Opioid Summit Planning Documents

Presentation by Karen Pershing, Jan. 24, 2019

Opiates, Opioids and Addiction Information

Resources from American Addiction Centers

Opioids and Tennessee

Opioids and Tennessee’s Economy

UT Response & Resources

Stories on what the University, its resources, expertise and people are doing to address, respond to and help mitigate the opioid crisis statewide.

The Tangle: Tennessee’s Opioid Crisis


UT Health Science Center

  • The leading state institution for research on causes, treatment and prevention of disease
  • More than 1,300 medical residents and fellows, and 105 post-doctoral researchers in FY2017
  • 343 investigators actively performing research in FY’17
  • 100 programs certified by the Accreditation Council for Graduate Medical Education
Bridging the Gaps: The Opioid Crisis:
Presentation by Dr. Marie Chisholm-Burns, Dean of UT Health Science Center College of Pharmacy
Center for Addiction Science at UT Health Science Center:

News & Announcements

UT Knoxville


  • Matt Harris, UT Knoxville Assistant Professor of Economics
    A Battle Worth Fighting,” Tennessee Alumnus, Fall 2018 Issue
  • Dr. Geogy Thomas, Dayspring Family Health Center (Alumnus UT Knoxville ’15)
    On a Mission,” Tennessee Alumnus, Fall 2018 Issue
  • Charme Allen, District Attorney General for the 6th Judicial District in Knox County (UT Knoxville ’90)
    Standing Up to Big Pharma,” Tennessee Alumnus, Fall 2018 Issue

News & Announcements

UT Chattanooga

News & Announcements

UT Martin


  • Social worker intervention:
    Weakley County Prevention Coalition (two UT Martin grads, one UT Knoxville grad) are working to combat opioid problem in Northwest Tennessee, educating students and parents, distributing medication lock boxes to families and Narcan (overdose death prevention drug) to law enforcement.
  • SOARx student coalition
    Students Organized Against Drugs, the only entirely student-run and student-organized anti-drugs coalition on a Tennessee college campus, was established in spring 2018. The group hosted a university health fair and “kick butts” tobacco education presentation and partnered with Weakley County Prevention Coalition to host an on-campus drug take-back day April 27 at UT Martin. Members also worked with WCPC to distribute almost 1,000 ID coders to Weakley County businesses to help quickly determine whether a buyer of alcohol is of legal drinking age.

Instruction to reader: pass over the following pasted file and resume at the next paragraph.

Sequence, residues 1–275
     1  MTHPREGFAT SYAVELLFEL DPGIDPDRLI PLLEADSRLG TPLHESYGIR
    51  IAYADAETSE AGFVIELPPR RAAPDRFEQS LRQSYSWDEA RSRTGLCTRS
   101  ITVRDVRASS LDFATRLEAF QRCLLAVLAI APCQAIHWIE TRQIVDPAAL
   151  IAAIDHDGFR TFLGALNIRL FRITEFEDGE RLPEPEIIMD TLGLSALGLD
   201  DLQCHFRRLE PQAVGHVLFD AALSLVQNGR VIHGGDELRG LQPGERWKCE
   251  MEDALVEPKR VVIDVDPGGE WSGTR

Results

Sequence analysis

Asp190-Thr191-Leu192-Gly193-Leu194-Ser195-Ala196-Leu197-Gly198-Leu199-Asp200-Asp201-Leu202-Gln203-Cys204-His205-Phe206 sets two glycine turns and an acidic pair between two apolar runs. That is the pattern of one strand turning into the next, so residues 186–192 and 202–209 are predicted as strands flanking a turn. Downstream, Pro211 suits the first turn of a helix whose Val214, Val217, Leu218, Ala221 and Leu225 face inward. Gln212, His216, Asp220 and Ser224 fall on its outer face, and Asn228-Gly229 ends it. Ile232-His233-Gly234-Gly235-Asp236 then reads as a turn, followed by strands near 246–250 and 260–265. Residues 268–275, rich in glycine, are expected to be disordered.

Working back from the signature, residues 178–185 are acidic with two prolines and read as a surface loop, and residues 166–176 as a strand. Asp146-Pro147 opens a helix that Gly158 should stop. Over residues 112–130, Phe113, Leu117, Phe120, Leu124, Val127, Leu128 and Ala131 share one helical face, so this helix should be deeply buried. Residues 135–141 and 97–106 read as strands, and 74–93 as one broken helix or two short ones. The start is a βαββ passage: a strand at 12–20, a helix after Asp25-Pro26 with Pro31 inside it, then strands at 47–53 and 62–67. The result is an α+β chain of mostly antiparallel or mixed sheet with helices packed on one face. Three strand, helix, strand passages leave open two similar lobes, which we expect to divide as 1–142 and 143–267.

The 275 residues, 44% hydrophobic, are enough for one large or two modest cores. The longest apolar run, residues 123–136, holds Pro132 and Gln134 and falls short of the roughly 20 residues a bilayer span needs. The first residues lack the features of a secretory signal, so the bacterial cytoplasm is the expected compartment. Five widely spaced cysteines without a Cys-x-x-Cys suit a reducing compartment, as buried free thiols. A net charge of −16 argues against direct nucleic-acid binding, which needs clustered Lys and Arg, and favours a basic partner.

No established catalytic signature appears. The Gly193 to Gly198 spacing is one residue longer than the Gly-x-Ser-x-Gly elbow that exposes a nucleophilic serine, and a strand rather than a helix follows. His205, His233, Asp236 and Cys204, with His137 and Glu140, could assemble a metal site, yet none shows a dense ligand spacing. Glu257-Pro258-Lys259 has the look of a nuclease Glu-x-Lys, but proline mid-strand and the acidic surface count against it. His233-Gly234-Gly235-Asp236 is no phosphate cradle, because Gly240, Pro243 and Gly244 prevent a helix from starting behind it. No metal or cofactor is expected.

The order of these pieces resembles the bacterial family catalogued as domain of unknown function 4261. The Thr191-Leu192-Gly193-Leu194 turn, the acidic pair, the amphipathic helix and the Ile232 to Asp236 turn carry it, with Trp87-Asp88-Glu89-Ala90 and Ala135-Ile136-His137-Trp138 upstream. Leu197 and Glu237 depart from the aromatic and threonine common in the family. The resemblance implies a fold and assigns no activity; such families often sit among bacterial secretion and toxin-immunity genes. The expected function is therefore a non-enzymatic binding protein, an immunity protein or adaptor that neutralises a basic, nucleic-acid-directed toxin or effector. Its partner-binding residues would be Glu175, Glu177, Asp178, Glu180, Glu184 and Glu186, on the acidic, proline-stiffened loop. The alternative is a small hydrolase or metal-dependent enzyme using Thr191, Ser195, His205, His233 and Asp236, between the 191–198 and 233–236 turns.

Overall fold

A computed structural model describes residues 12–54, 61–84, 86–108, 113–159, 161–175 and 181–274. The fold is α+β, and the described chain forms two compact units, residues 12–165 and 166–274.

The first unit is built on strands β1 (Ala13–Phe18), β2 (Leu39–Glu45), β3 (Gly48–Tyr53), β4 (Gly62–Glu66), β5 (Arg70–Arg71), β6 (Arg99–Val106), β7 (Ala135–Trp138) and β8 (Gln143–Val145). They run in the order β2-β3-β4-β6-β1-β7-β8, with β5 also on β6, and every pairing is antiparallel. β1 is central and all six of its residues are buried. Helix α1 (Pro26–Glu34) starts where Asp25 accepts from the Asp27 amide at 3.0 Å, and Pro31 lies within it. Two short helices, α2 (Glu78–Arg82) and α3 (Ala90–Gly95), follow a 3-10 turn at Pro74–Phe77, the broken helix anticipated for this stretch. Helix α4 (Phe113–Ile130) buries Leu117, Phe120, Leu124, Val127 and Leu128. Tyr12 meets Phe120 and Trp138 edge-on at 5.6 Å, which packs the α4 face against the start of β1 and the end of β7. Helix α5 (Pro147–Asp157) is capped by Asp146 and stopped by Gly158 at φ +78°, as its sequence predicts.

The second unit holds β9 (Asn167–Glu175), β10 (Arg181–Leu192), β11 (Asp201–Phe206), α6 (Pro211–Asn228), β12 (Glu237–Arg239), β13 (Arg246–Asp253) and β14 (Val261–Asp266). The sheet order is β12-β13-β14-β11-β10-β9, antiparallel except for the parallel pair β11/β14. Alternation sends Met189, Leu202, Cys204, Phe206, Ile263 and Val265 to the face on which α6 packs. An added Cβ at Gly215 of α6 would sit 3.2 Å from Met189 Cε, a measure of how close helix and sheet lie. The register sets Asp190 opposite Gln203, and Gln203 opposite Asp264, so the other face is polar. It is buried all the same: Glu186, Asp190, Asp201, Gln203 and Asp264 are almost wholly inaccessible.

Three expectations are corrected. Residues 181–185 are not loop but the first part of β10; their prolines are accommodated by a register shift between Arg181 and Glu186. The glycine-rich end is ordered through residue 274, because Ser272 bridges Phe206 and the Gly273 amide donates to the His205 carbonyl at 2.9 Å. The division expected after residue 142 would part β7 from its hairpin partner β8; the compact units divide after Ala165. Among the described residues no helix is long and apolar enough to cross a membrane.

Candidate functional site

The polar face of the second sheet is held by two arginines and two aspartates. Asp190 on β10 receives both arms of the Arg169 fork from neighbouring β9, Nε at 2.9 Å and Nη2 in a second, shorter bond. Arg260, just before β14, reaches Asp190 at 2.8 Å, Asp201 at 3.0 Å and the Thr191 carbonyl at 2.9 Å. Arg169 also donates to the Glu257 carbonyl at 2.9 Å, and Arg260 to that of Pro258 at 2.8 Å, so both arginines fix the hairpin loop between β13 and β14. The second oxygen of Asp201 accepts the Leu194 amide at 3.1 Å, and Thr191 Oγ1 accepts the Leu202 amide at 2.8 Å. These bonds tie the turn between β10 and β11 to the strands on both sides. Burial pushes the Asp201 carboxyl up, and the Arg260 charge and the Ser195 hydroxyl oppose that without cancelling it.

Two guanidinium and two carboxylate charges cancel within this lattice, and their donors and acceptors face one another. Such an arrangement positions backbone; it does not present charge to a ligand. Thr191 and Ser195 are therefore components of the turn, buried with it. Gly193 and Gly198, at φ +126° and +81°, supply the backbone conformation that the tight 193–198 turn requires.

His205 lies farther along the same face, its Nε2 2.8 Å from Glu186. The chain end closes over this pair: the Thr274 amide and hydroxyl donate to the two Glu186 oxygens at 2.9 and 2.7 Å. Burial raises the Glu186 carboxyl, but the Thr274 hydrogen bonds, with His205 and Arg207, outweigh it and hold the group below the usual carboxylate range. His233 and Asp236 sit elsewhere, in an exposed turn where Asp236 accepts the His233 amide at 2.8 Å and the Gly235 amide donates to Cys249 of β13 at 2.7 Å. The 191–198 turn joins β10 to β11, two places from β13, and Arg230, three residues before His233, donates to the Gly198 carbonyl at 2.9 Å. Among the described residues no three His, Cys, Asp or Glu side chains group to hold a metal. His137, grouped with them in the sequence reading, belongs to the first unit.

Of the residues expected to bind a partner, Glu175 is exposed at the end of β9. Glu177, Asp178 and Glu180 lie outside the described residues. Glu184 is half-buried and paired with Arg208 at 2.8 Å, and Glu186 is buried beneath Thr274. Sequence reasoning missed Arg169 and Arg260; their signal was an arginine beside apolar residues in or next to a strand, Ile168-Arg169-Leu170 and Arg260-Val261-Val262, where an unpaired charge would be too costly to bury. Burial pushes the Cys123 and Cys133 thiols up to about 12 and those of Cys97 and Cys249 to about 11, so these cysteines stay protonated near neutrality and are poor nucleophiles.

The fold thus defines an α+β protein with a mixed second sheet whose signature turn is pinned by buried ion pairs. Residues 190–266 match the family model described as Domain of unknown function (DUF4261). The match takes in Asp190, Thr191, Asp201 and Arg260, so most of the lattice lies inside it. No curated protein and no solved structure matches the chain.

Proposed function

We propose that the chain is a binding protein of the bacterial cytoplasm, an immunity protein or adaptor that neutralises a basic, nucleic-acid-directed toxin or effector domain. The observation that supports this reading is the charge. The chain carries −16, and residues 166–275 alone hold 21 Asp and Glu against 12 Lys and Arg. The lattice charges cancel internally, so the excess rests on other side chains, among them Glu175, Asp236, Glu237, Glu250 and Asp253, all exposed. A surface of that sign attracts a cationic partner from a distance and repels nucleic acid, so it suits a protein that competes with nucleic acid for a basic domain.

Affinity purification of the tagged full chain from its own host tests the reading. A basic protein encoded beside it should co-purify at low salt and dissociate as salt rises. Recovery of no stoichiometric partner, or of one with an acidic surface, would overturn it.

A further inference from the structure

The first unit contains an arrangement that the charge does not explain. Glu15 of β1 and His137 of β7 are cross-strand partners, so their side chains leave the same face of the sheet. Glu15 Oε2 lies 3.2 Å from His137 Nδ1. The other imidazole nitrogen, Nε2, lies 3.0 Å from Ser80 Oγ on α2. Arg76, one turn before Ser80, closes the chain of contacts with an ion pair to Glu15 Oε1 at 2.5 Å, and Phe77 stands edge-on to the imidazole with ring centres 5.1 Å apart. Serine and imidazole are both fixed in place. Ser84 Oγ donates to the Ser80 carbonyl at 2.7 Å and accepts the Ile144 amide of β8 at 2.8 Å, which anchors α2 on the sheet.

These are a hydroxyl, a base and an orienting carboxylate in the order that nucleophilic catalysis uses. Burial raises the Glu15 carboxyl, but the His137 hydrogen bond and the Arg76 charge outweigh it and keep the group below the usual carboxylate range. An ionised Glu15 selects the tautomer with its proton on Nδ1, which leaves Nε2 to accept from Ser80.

• Drug Take-Back Box:
    Installed in early March, UT Martin’s drug take-back box is the first of its kind on a Tennessee university campus. The box is in the Department of Public Safety headquarters and is accessible seven days a week, 24 hours a day. All prescription and over-the-counter medications can be discarded in the box, no questions asked, for safe disposal.


  • Suzanne Harper, Director of the Weakley County Prevention Coalition (Alumna UT Martin ’11)
    Saving the Children,” Tennessee Alumnus, Fall 2018 Issue

UT Institute of Agriculture


UT Extension

“Health Rocks” youth education:
Present in all 95 counties, Tennessee 4-H, run by UT Extension, helps children age 9 and older with social and life skills, and citizenship and leadership development. Health Rocks is a national 4-H wellness education program Tennessee 4-H began offering in 2008.

Health Rocks continually evolves to address new, contemporary issues. It now includes education to help young people understand differences between legal/illegal drugs, between appropriate/inappropriate use of legal drugs, and signs of drug abuse/addiction to watch for among young friends and family.

Health Rocks,” Tennessee Alumnus, Fall 2018 Issue



UT College of Veterinary Medicine

Terry Stevens, veterinary pharmacist and member of Gov. Haslam’s Commission on Pain and Addiction Medicine:
While veterinary medicine doesn’t currently have the problem with opiate abuse and “doctor-shopping” that human medicine has, UT veterinary instruction already emphasizes not writing opiate prescriptions as the first line of treatment for pain. In most cases, veterinarians are both doctor and pharmacist: the veterinarian diagnoses the patient and gives medicine to the patient. Care is necessary to ensure veterinary medicine does not find itself confronting opiate abuse. Veterinarians can learn from the opiate problems in human medicine. As dogs and cats are living longer, they are experiencing more health problems related to advancing age and the possibility of increased need for veterinary pain medicines. Stevens tells members of the Governor’s Commission “that human medicine could learn from how veterinarians treat pain in our clients.”

UT Institute for Public Service


Overdose Intervention:
The UT Law Enforcement Innovation Center, a unit of the Institute for Public Service, delivers training to law enforcement officers in how to administer Narcan, a life-saving drug to prevent death from opioid overdose.

Increasing Incidents,” Tennessee Alumnus, Fall 2018 Issue